Negative interest rate apologetics

24 August 2016

Former Bank of England MPC member (now president of the Petersen Institute of Economic Affairs) Adam Posen has got an FT column in which he writes about negative interest rates.  He focuses on what he thinks are two analytical errors routinely made in the discussion about negative interest rates, which, in his view, have mostly had the expected effect and are, after all, not that big a deal. The impression one gets, though never explicitly stated, is that he thinks that negative interest rates are quite simply not enough.
The first fallacy Posen discusses is the belief that most major financial decisions respond strongly to just about any changes in (mostly) short-term government borrowing costs. Posen notes that while this was indeed the case during America’s great moderation, this was an atypical episode. Consequently, monetary policy would normally require a host of different instruments to be effective. In other words, according to Posen unconventional monetary policy phobia is not warranted. Unconventional monetary policy, in his mind, is not really that nonconventional, it merely makes use of a range of different tools to allow policy makers to hit their targets.
He notes that significant structural differences across countries go a long way to blunt or amplify the effectiveness of cutting interest rates to sub-zero levels. As he points out, in some Eurozone economies most consumers stash their savings in bank deposits and most businesses finance themselves through bank loans. In Anglophone countries, however, corporates and consumers alike usually rely on a wider array of savings and financing. That, he notes, should be kept in mind to gauge the extent to which negative rates would be effective, with more muted reactions in the Eurozone, for instance, relative to the US, Australia, or Canada.
In his view, a second major fallacy is the commentariat’s (and armchair economist’s) tendency to overlook the political context and engage in broad generalisations. He argues that officials and regulators would be prone to be much more resistant to negative interest rates in countries with more traditional banking systems. In contrast, where there are more options there will be less resistance. He points out that capital mobility in fact does vary significantly across countries, regardless of whether the capital account is formally open or otherwise. The argument is that Japanese savers, for instance, are much less likely to move assets abroad than their Swiss counterparts, with obvious implications for the amount of resistance that such policies would conjure up.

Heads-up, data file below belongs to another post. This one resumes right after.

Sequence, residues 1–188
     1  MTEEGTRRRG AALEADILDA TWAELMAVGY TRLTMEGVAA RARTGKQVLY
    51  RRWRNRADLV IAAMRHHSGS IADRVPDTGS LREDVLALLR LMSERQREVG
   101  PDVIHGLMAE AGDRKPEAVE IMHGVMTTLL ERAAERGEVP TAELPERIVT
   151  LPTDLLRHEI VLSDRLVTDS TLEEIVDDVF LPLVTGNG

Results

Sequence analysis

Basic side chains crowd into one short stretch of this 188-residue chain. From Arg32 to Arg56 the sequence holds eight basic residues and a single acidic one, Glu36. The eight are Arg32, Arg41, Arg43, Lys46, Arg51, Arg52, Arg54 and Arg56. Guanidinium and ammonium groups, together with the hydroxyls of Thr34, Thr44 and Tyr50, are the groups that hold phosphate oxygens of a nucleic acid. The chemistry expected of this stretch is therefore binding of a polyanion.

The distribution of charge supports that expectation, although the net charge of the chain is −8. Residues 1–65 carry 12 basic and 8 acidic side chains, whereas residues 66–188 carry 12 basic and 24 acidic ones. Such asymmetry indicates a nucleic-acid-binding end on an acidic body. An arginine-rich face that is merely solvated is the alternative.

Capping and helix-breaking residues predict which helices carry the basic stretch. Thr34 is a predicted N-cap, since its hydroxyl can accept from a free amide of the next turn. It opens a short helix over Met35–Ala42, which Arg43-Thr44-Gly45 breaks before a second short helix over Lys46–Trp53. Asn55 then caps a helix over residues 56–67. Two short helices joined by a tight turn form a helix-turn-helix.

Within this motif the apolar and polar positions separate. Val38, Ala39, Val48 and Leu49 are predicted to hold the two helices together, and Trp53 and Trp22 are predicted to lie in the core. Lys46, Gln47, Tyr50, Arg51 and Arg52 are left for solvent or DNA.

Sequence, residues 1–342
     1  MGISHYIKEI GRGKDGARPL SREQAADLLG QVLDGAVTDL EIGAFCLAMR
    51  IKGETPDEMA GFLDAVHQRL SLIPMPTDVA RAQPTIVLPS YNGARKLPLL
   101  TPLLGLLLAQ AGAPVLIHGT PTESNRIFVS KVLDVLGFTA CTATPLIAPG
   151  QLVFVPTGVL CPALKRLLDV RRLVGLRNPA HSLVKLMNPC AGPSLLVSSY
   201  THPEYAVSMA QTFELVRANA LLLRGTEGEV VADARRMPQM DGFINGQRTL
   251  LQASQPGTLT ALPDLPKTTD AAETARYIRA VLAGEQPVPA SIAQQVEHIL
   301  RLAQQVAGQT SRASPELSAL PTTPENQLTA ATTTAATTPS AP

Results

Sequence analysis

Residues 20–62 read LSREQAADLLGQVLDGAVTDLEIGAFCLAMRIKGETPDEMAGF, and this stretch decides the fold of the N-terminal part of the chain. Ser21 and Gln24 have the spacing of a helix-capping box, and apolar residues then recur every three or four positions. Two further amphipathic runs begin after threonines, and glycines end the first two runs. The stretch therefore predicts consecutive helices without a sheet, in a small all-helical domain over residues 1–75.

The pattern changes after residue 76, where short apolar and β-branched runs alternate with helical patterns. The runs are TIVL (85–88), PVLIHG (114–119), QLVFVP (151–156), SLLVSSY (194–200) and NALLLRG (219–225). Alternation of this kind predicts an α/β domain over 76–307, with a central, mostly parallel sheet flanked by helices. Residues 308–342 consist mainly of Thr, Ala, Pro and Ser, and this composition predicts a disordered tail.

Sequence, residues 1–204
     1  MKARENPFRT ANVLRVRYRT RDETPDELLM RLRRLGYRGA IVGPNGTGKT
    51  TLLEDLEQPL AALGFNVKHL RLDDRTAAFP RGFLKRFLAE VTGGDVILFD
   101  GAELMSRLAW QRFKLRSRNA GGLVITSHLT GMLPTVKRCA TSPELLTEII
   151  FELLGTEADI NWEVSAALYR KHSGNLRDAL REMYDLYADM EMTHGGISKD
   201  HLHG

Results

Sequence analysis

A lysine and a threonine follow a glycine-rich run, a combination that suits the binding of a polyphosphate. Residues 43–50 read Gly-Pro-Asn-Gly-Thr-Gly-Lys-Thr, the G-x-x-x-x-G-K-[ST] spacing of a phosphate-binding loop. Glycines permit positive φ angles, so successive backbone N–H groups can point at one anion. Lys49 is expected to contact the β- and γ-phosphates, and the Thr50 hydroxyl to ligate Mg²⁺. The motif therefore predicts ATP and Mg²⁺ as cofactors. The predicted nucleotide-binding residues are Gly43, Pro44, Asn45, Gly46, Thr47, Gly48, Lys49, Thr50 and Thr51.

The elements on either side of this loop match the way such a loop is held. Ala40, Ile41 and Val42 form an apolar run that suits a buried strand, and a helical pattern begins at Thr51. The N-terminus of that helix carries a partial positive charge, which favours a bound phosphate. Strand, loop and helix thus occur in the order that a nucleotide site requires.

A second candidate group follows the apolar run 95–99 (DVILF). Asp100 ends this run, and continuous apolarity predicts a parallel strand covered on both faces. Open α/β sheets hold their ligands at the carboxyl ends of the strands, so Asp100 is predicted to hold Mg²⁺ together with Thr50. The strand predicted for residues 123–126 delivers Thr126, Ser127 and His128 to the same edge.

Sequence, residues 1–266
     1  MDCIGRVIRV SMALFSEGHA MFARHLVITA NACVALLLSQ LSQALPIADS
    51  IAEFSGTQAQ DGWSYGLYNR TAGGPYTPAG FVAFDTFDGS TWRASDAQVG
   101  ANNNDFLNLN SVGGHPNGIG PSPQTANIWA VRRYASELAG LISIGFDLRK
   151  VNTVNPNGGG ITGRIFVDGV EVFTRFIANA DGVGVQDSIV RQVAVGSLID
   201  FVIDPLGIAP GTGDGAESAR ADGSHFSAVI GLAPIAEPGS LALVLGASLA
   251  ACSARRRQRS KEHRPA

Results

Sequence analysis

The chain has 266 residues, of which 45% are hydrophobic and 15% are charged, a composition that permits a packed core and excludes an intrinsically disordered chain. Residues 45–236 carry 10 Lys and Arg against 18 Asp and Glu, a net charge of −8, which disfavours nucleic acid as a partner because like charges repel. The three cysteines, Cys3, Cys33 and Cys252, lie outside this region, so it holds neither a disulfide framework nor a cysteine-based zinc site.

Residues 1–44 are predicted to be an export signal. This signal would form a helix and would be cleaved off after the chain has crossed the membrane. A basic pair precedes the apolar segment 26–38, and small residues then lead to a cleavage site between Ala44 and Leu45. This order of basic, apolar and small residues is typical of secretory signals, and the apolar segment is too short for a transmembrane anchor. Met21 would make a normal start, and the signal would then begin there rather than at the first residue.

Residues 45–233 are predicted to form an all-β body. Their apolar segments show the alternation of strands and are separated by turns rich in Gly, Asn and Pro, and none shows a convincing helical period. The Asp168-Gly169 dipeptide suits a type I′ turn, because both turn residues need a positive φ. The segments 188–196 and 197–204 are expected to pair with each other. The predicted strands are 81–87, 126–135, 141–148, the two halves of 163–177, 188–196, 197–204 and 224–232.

It’s easy to be sympathetic to his observation that the impact of negative interest rates depends on the structure of the economy to which they apply. There is little doubt that it does. It is altogether harder to agree with the notion that before the great moderation shifts in the government cost of borrowing were but one of several tools used by central banks to smooth out fluctuations in output and inflation. Posen does not address the biggest problem with negative rates which is their destabilising effect on pension and life insurance funds. Negative rates render current rate of return assumptions null and void. If pensioners realise this, they will save even more to offset lower predicted payouts from their long-term funds.
Adam Posen is a former policy maker. What about current ones? This brings us to the latest rumblings coming from deep inside the Federal Reserve’s system -specifically, from Fed President John Williams. Williams has come out in favour of the view that the neutral (some call it natural, or real) rate of interest is very low and most likely to remain low. He explicitly calls for some serious consideration to be given to raising inflation targets and/or targeting nominal GDP.  Readers who experienced inflation in the 1970s might find the notion of higher inflation targets somewhat unnerving. However, advanced economies were vastly different then, and there is actually absolutely nothing sacrosanct about a 2% inflation target, while the advantages associated with raising target inflation to -say- 4% have been made abundantly obvious by the past decade of economic data. The problem, however, is that it’s unclear that doing so would be easy, considering that even hitting 2% hasn’t exactly been plain sailing.
Contrast what Posen and Williams have to say with the standard editorial on the WSJ, or with columns by famous (former) bond kings. Plenty of investors detest current monetary policy -of course, they had it so good for so long they just know something has to be wrong with monetary policy when returns aren’t what they used to be. It may be too early to tell whether it is policy making that has been erratic/too radical, or whether the problems that beset the real economy are quite simply beyond the reach of the current vintage of policy tools. Some prominent current and former policy makers seem to think it’s the latter. It will be interesting to see who’s proven right.

 


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